After making the playoffs for the previous six seasons, but not making it past the second round the last four, the New Jersey Nets finally faced reality last season when they struggled to a 34-48 record.
Jason Kidd finally undermined the team enough to force his way out of town, causing the Nets to start the rebuilding process with Devin Harris.
Today, the second step has finally been completed.
By moving Richard Jefferson for Yi Jianlin and the expiring contract of journeyman wingman Bobby Simmons, the Nets have effectively done three things.
Yi is listed as a 21 year old (though he may be 24), 7'0", 238 pound power forward with shocking athleticism, a nice touch around the rim, and a mid-range jumper to go with it. He would have certainly been one of the first few picks in this draft as well, and the Nets view him as a long-term project with one year already under his belt.
He did show some talent, winning rookie of the month in December by averaging 12.1 points per game and 6.6 rebounds per game
But basketball skills are not all he has to offer. Yi offers a major marketing tool. New Jersey tried to generate interest for its team, but it just could not muster up enough consistent support to get it done.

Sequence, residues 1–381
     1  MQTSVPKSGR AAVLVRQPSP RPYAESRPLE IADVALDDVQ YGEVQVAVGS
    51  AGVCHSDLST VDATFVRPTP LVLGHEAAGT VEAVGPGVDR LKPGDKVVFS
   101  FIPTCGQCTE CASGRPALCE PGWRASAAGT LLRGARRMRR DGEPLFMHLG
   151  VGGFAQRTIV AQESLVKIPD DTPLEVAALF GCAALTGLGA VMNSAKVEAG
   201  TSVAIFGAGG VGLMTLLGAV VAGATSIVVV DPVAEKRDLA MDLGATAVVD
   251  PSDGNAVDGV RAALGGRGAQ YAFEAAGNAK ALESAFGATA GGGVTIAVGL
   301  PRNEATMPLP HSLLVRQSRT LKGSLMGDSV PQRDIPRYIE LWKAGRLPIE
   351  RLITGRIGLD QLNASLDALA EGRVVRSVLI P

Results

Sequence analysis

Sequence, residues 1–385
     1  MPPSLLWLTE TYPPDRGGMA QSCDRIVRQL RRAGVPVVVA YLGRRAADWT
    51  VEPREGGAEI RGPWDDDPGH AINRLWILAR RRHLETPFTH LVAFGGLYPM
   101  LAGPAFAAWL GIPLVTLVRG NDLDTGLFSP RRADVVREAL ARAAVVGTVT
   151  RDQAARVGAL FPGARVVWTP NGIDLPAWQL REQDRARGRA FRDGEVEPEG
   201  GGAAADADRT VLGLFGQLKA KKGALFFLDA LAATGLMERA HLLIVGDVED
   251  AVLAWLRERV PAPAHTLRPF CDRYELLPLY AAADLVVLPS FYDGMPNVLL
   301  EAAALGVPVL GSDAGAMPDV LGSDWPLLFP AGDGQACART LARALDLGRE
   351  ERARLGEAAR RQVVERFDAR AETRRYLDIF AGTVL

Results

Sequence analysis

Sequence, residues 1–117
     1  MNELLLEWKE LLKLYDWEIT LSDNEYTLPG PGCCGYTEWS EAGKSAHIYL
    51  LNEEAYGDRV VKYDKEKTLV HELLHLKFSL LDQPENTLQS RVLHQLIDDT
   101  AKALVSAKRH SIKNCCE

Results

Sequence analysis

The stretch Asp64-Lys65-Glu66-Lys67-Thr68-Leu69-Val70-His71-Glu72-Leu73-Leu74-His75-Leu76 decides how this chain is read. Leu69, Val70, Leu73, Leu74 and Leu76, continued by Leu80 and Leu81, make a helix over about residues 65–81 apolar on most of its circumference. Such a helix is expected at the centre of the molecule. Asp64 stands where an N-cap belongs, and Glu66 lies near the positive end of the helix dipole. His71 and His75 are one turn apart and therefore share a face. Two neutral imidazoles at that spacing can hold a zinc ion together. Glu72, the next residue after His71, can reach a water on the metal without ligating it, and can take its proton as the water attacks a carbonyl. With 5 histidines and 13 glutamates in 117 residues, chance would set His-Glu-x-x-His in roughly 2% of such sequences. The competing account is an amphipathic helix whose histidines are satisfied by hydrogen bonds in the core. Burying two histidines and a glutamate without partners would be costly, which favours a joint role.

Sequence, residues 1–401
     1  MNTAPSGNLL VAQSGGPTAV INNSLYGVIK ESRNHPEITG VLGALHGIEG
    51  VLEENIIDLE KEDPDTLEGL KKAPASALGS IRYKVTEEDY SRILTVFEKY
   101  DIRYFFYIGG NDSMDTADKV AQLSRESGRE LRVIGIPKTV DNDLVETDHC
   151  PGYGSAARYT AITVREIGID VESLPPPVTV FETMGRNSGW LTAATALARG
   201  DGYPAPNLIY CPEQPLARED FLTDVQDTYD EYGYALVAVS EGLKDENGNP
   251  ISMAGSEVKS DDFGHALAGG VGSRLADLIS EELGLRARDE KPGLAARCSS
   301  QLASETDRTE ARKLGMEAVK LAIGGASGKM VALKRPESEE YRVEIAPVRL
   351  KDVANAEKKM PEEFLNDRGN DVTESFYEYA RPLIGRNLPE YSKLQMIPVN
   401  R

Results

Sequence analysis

When the Nets fell to NBA purgatory, consistently making the playoffs, but never showing any real chance to win it all, the fanbase begin to lose some excitement. When the team announced the move to Brooklyn, much hope was lost.
Yi provides a built-in fanbase: the Chinese population. Remember that despite a mediocre rookie season, he nearly made the all-star team based on the Chinese vote.
At the very least, the Nets will be able to always have a circus-like atmosphere around the team, which will be a welcome replacement from the indifference most of the NBA gave them.
But there is a third reason why this trade gives the Nets a chance to rebuild. If the Nets move to Brooklyn as planned in 2010, they will have only about $27 million dollars committed in salary (to Devin Harris, Vince Carter, and Yi). Obviously, the Nets will have more than three players at that point, but they will certainly be under the cap.
That year also happens to be the year of perhaps the craziest free agency period ever. I could write an entire paragraph, talking about Kobe Bryant, Chris Paul, Dwayne Wade, or any of the numerous potential free agents whose contracts expire or who could opt out of their deals.
But there is only one name that matters. LeBron James.
James can opt out of his contract in 2010, and there has already been over a year of rumors saying that King James will join forces with Nets minority owner Jay-Z, and make the new Brooklyn Nets the face of the NBA.
Now, the Nets are under the cap and more than willing to give whatever they can to entice James to come to Brooklyn in 2010.
With Harris, Yi, Josh Boone, Sean Williams, and whoever they draft this season, the Nets have a solid talent base. They lack a superstar. LeBron James would be a perfect fit. Vince Carter would also still be on that team.
But that's still two years away. However, the potential of the snowball effect of James and Brooklyn is worth discussion now.
Even besides that, Yi is a great prospect who could end up being a very good player. The Nets lose Richard Jefferson's lengthy, expensive contract in order to get a lottery talent who brings a huge following.
The Nets are taking one step back to take a giant leap forward soon.